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Account 2

Account 2

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Published by Ravi Kumar

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Published by: Ravi Kumar on Jan 28, 2011
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Creating Your Business Plan Financials
 
Your business plan financials are essential for lenders and investors who want to see hard figuresbefore putting money into your business. Solid financials could help you get loans and attractinvestors, even if you aren't operating yet."Financials can be very intimidating for a lot of small business owners," says Raman Chadha,executive director of the Coleman Entrepreneurship Center at DePaul University. "It's my experiencethat most small business owners don't know how to manage the numbers."Your business plan financial statement will cover three general items: an income statement, a balancesheet and a cash-flow statement, each with numerous subsets. The following is a general outline forcreating business plan financials and is not meant to be a comprehensive account of the financialdetails you will need.
The Income Statement
An income statement shows how much profit or loss you expect to have for the year. For newbusinesses, income statements should be broken down monthly or quarterly. Business in their secondto fifth years of operation should have quarterly or annual income statements, the Small BusinessAdministration advises.An income statement includes:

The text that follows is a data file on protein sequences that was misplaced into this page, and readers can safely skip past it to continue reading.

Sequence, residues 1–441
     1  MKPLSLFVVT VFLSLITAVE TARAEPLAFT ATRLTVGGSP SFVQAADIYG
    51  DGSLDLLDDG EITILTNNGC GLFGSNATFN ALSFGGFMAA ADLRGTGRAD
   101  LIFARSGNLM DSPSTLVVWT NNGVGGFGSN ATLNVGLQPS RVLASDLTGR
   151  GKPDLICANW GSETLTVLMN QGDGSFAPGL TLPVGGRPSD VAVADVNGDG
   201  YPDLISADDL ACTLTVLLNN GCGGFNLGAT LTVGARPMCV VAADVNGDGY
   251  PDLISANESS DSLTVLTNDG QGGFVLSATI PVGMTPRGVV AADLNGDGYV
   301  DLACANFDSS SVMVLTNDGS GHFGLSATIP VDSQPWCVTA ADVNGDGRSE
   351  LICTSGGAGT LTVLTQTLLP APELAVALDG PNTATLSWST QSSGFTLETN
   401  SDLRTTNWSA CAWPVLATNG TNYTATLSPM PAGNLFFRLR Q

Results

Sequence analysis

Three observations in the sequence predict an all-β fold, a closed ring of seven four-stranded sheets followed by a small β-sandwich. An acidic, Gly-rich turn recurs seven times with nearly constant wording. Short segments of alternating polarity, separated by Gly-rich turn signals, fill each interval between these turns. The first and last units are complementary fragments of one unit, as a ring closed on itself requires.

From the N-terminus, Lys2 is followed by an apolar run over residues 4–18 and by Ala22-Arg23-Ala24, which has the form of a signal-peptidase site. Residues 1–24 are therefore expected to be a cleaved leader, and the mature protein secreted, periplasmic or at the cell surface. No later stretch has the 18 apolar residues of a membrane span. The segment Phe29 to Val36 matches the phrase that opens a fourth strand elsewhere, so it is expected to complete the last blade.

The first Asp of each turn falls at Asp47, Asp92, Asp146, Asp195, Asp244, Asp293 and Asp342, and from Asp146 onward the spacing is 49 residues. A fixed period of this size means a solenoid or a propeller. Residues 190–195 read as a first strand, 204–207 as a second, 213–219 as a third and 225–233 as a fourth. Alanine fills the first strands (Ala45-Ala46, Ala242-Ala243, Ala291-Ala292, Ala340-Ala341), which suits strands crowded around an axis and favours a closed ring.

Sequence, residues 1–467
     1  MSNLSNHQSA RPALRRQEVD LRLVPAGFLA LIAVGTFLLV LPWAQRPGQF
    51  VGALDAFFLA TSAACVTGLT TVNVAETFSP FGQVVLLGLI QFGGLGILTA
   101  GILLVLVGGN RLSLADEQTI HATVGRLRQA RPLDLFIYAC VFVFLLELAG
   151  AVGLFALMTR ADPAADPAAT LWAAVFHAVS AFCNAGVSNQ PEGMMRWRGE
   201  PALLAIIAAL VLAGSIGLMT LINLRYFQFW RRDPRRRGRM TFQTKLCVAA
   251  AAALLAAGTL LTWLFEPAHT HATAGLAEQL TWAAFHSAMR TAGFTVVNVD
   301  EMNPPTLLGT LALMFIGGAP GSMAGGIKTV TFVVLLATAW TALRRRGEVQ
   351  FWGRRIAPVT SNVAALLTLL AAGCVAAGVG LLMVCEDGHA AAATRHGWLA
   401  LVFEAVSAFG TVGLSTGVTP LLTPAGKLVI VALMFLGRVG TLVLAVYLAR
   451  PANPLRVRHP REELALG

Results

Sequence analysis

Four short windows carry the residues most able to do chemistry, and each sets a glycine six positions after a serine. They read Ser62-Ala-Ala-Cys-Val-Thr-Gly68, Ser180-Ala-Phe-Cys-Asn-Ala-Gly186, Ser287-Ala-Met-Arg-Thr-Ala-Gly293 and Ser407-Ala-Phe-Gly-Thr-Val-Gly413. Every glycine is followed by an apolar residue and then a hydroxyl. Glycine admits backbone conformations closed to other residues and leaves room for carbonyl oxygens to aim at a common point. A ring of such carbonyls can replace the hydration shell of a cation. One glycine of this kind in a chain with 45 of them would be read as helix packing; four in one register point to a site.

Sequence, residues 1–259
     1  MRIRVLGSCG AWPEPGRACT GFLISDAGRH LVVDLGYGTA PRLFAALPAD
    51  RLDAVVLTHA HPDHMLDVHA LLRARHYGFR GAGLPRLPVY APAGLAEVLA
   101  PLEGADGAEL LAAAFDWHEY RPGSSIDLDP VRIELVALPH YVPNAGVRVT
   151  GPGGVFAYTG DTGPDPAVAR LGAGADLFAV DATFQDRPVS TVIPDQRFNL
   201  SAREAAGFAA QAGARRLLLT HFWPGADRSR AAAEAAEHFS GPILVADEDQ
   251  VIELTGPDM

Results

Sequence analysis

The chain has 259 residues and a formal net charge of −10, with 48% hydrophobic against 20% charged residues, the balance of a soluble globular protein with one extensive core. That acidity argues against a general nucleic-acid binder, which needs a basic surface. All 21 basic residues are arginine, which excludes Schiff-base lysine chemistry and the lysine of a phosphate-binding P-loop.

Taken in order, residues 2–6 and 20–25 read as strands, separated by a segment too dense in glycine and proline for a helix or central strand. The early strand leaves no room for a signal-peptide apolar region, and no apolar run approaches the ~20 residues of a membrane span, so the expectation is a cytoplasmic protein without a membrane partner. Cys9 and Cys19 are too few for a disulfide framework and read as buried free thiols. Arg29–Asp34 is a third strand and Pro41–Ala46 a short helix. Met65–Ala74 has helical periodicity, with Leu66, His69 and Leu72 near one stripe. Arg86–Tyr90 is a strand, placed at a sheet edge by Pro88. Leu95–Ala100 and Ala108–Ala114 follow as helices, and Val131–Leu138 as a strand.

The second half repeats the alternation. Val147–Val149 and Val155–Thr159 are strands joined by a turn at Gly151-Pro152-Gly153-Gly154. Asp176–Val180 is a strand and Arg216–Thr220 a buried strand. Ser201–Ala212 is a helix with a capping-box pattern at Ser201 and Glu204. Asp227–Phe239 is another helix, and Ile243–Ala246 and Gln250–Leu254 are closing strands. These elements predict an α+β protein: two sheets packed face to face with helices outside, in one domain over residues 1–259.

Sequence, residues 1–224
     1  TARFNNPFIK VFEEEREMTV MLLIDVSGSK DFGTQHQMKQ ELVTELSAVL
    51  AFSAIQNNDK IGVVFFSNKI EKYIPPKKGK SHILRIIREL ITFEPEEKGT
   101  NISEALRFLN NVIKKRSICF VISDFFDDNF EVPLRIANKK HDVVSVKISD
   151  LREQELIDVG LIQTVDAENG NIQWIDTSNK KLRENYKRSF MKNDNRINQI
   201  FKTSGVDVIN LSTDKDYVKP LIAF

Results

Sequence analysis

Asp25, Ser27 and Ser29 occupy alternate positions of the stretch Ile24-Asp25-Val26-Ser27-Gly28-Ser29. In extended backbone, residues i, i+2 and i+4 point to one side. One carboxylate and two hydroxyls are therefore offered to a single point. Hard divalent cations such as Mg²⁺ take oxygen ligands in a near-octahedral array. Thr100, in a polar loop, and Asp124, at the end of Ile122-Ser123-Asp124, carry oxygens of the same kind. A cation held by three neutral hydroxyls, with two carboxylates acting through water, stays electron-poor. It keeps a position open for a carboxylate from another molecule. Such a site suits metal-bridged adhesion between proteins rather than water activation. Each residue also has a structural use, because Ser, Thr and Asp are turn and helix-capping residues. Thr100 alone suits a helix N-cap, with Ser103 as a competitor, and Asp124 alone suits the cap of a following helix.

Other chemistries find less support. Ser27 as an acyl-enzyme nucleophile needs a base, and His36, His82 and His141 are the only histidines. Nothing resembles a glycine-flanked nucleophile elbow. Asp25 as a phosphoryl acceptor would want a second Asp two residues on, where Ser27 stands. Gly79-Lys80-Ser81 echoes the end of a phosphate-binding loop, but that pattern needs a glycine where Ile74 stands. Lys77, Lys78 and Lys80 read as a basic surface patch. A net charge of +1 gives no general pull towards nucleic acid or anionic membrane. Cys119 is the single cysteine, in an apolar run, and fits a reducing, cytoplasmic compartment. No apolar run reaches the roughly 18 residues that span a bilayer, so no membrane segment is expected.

Revenue:
"Revenue growth is always going to take longer than you expect," Chadhacautions. "It's smart to be more conservative" in your estimates, he says.
Expenses:
Includes operating expenses such as costs for supplies, rents and salaries;loan payments, including interest; and fees for advisers, including attorneys andaccountants.
Cost of Goods Sold:
The cost of merchandising, manufacturing and bringing yourproduct to the market. Service business often do not need this.
Gross Profit:
Your sales minus all costs directly related to those sales.